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Escape from New York: Wealthy Big Apple residents flee the city and move out to the suburbs

New York City residents with cash are fleeing the Big Apple in droves and moving to nearby suburbs as the COVID-19 pandemic has enabled them to work from home while Manhattan office buildings stay largely empty.

Real estate brokers in the surrounding areas of the city including the Hudson Valley, Westchester County, New Jersey, and Connecticut are reporting soaring demand for houses in recent months.

Compared to 2019, there was a 44 per cent jump in the number of July home sales for suburban counties just outside of New York City, according to figures compiled by Miller Samuel Real Estate Appraisers & Consultants.

That includes a 112 per cent increase in Westchester County; a 73 per cent increase in home sales in Fairfield County, Connecticut; a 35 per cent increase in home sales in Putnam County; and a 19 per cent increase in Dutchess County.

In Manhattan, July home sales dipped by 56 per cent, according to The New York Times.

Before the pandemic, New Yorkers were willing to put up with cramped, tiny apartments and a high cost of living in exchange for short commutes to the office as well as easy access to the city’s cultural attractions and nightlife.

Since COVID-19 has essentially shut down much of the city’s museums, theaters, and sports stadiums, those with means are now buying homes that give them the comfort of working from home in larger spaces.

Some real estate agents said clients coming from the city have also expressed concern about the disturbing rise in violent crime in recent months.

There was a 162 per cent increase in the number of shooting victims and a 166 per cent increase in the number of shooting incidents during the four-week period that ended on August 23 compared to the same period last year, New York Police Department data shows.

From January 1 through August 23, there was a 95 per cent increase in the number of shooting victims and 87 per cent increase in shootings compared to the same period in 2019.

During the four-week period ending on August 23, the city recorded 48 homicides – a 50 per cent increase from the 32 homicides that were recorded during the same period last year.

Between January 1 and August 23, the city recorded 280 homicides – a 35 per cent increase from 208 homicides that were recorded during the same period of 2019.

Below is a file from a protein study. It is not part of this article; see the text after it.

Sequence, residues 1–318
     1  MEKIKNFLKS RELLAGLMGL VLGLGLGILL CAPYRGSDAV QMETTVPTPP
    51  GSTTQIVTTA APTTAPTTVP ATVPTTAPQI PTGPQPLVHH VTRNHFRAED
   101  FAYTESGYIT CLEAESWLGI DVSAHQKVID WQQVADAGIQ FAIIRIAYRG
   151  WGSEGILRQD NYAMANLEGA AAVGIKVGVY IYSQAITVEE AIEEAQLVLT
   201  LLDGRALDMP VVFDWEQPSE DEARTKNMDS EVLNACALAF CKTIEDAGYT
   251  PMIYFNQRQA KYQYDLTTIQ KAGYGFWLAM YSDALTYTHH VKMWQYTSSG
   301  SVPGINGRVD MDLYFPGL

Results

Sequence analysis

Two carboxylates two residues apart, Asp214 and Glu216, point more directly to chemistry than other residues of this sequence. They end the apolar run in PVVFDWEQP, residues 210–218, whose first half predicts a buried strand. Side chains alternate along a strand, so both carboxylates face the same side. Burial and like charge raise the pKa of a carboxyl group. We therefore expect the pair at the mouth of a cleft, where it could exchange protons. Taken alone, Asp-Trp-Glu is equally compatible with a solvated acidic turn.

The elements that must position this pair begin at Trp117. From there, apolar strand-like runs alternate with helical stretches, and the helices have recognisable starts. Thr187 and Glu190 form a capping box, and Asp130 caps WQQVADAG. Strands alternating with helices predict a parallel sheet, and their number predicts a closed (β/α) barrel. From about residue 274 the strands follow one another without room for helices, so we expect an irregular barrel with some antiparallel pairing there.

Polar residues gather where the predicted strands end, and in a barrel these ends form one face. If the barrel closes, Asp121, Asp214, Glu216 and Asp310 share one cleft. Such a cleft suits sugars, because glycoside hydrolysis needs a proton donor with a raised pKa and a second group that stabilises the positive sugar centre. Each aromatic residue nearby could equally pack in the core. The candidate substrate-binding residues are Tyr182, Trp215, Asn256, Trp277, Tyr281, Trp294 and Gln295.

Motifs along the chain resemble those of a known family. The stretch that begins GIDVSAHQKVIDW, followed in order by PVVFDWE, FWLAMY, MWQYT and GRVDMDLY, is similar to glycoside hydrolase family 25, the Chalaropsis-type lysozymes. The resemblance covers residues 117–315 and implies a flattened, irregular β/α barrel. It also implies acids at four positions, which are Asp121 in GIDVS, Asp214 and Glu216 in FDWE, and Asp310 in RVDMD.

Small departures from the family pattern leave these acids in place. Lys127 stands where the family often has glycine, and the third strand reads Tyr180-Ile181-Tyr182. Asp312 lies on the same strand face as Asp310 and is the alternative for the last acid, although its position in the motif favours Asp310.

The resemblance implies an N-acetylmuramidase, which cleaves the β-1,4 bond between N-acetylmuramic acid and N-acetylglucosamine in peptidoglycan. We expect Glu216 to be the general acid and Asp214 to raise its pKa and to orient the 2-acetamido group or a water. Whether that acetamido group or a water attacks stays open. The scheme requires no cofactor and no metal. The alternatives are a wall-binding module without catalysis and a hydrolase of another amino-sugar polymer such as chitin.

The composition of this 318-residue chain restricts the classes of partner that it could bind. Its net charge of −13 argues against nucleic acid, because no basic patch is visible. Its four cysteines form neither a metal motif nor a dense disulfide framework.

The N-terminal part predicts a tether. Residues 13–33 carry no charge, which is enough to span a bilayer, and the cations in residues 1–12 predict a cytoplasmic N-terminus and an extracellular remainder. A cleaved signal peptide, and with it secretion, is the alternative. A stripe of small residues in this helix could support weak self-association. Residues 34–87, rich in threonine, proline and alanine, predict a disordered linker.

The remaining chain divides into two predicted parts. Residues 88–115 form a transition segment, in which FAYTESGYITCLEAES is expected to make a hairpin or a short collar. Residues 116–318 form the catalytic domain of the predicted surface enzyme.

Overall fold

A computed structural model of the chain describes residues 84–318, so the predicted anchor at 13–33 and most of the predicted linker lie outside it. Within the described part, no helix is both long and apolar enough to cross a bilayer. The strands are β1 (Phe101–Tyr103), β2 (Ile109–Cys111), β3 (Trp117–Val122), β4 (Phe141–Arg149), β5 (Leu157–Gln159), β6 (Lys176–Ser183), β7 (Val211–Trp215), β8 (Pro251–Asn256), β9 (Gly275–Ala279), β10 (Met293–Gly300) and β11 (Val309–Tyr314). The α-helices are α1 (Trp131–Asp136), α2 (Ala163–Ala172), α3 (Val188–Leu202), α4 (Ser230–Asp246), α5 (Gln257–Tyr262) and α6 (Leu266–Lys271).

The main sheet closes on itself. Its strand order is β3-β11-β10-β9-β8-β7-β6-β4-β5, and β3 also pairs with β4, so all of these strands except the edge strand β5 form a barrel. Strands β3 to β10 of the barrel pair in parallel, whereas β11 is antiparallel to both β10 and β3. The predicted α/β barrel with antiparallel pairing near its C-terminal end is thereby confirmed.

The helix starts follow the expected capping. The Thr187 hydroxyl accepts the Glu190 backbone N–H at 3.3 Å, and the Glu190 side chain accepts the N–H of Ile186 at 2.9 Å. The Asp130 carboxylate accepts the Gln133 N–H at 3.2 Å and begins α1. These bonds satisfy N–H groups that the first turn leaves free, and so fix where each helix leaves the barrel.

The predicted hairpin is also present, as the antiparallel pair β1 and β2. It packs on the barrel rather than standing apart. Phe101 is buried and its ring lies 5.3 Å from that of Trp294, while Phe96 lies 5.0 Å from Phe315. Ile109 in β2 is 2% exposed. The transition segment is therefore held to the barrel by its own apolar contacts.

‘The people from New York are coming with a sense of urgency, and the thing they want is space,’ James Hughes, a real estate agent based in New Jersey, told the Times.

‘The demand is insane.’

Hughes believes that about 60 per cent of potential buyers who have expressed interest in properties that he markets are New York City exiles.

Zack Stertz, Zoe Salzman, and their two young sons were living in a two-bedroom apartment in Brooklyn when the pandemic hit in March.

Since they were unable to afford a brownstone in Brooklyn, they decided to search elsewhere for a home, particularly since there was worry that schools in New York City would not resume in-person classes this fall.

In June, they outbid several potential buyers and purchased a four-bedroom home in Maplewood, New Jersey. Their offer of $799,000 was accepted just two days after it was listed.

‘To give up living in Brooklyn and move to suburbs, we just couldn’t see ourselves there,’ said Salzman, a 39-year-old lawyer who under normal circumstances works from her Manhattan office.

‘But the pandemic helped make this choice for us.’

The exodus from the city is so acute that real estate agents in the suburbs are reporting dwindling supply next to surging demand.

In East Orange, New Jersey, a home listed for $285,000 was shown to 97 potential buyers. It received 24 offers.

The offer that was accepted was 21 per cent more than the original asking price – approximately $345,000.

The values of properties in Kingston, New York – a quaint Hudson Valley suburb near the Catskill Mountains – soared by 18 per cent in the second quarter, or $276,000, compared to the same period last year.

That represents the biggest increase among 181 metropolitan areas in the United States, according to a report released earlier this month by the National Association of Realtors.

‘Every single deal I have is someone from Brooklyn or Manhattan,’ Amy Crossfield, a Kingston-based real estate agent and former resident of Brooklyn, told Bloomberg News.

‘You have bidding wars, cash offers and people rushing to put in an offer the day something comes on the market.’

New York City will have to wrestle with the economic repercussions of this trend, which is reminiscent of the large-scale flight from the five boroughs to the suburbs in the decades immediately following World War Two.

Experts have warned that the flight of wealthy New Yorkers will deprive the city of badly needed tax revenue to maintain services like police and sanitation that are vital if it hopes to recover from the COVID-19 pandemic. 

‘What is worrisome is that the high-income earners, particularly those with more than $1million, provide a substantial amount of resources to the New York City budget,’ said Maria Doulis, vice president of strategy and operations at the nonpartisan Citizens Budget Commission. 

‘To lose them would really represent a blow to the budget.’

Despite the grim outlook, however, Mayor Bill de Blasio says don’t count out New York City.

The mayor is predicting that those leaving will eventually return.

‘If you don’t think New York City is coming back, then you don’t know New York City,’ de Blasio said.

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